How to ditch your landline and your phone bill but still have phones that work

Now here’s a potentially huge money-saver. I still have phone service through AT&T that rings through old-fashioned phones (you know, like the kind you see in a museum) because there’s nobody that’s going to give me a wireless plan with unlimited minutes for about 30 bucks a month.

But, still, that’s $360 a year. I’m sure there are things I’d rather do with $360 a year if I could free that up, right?

What if I were to tell you that you could buy a device that costs less than $100 (potentially as little as $38) and you could make phone calls for free using your Internet connection?

You better believe I’m interested.

For me, the drawback is that lately, it seems like I’m sending faxing back and forth at least once a month. There are lots of places that let me send faxes, including a store that’s literally only a minute away, but it’s still a hassle, and they charge $1-$1.50 per page.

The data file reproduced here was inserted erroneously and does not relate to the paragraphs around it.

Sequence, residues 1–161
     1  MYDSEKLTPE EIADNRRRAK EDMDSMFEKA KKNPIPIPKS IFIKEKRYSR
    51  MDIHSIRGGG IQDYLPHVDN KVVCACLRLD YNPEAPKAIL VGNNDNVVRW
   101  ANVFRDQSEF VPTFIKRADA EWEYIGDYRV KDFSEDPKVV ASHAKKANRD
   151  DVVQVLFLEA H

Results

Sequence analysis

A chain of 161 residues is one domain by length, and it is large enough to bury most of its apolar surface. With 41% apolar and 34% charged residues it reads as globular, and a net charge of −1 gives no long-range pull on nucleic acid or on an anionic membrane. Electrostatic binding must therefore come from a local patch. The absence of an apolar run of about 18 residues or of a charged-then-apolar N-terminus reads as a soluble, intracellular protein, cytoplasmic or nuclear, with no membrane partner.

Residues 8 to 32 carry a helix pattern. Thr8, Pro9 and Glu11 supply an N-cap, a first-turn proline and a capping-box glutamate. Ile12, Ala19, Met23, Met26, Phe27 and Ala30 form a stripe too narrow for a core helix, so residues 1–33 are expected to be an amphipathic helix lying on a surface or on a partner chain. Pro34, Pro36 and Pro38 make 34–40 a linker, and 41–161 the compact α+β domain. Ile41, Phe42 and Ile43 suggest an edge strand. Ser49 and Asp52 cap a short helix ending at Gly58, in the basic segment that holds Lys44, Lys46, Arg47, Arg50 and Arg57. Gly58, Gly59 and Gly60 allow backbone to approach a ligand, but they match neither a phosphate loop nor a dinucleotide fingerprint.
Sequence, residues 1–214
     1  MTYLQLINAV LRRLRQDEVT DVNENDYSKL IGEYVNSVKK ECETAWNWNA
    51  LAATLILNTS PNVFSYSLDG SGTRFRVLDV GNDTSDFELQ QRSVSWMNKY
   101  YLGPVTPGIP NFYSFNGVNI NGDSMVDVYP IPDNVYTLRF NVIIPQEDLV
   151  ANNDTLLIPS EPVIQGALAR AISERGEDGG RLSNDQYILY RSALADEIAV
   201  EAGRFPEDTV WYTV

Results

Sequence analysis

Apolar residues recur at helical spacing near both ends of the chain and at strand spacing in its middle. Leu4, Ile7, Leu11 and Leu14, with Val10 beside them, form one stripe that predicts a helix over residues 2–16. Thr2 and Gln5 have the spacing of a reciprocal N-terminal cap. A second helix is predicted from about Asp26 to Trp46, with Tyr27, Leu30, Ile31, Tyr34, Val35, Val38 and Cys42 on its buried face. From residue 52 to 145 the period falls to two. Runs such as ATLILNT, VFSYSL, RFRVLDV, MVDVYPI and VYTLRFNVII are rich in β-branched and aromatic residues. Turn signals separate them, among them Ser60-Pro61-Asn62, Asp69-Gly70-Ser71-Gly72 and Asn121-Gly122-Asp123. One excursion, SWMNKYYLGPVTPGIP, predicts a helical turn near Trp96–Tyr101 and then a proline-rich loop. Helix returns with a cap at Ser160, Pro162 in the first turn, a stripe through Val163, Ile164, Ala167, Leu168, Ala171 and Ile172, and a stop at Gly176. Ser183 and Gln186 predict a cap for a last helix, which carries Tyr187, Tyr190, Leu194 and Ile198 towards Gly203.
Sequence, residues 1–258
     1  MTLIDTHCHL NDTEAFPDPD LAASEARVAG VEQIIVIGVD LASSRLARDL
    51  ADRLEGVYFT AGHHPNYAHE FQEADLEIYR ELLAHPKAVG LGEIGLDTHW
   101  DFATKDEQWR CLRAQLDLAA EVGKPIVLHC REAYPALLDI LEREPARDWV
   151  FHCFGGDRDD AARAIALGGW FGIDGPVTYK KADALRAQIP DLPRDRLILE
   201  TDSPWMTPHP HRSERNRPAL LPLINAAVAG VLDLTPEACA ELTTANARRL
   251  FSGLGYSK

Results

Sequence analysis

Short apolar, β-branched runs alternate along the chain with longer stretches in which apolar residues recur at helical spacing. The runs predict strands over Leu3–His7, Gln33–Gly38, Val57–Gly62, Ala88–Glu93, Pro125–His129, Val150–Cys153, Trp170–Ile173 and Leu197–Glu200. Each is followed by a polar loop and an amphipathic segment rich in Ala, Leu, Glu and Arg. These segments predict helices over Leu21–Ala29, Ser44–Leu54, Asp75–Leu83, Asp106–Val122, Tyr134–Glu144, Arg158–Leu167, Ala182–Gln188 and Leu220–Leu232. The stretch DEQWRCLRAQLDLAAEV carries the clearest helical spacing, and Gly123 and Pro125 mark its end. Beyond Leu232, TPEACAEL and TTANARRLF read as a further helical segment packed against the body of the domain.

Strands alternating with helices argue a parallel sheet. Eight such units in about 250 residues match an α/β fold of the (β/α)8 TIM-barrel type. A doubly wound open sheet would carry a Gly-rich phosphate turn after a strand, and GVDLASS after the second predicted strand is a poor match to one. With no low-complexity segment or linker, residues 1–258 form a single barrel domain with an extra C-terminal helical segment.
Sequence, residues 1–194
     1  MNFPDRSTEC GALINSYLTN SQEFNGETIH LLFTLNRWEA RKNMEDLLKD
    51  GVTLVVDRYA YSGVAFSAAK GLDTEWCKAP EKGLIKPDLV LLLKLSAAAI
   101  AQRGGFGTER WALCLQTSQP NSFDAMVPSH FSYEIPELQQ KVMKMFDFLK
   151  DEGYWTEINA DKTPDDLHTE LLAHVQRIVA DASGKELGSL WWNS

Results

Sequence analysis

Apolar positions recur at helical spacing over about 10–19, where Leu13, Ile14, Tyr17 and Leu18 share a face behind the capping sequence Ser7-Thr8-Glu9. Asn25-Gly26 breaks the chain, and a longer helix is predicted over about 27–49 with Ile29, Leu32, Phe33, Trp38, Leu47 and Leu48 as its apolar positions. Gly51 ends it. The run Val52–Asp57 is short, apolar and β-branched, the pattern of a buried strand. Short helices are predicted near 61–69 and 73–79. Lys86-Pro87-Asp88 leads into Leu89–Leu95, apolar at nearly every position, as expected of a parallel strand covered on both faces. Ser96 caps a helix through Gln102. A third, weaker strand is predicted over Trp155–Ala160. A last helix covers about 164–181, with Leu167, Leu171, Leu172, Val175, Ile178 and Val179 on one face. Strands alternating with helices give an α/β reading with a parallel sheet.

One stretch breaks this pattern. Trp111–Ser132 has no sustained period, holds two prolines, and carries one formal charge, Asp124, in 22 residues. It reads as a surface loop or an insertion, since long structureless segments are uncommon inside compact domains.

The $38 model doesn’t support faxing. You can try it, but the usual result is a bunch of blank pages on the receiving end. The trick is stepping up to the premium 202-level product (which is still around $100) and finding a VOIP provider who supports T38, which is a special flavor of VOIP that compresses the data in such a way as to not confuse fax machines. (The linked article is wrong.)

The problem is finding a VOIP provider that does T38 at a price that’s lower than what I’m paying for U-Verse right now. I haven’t found one that does T38 for less than $40 a month, which is about what I’m paying for U-Verse. I don’t know if U-Verse supports T38, but I’ve been sending faxes successfully with it for months.

I suppose the other option is to use an Internet-based fax service, such as Faxzero, for those times when I can’t just e-mail a document. For $300 a year, it’s a problem worth solving.

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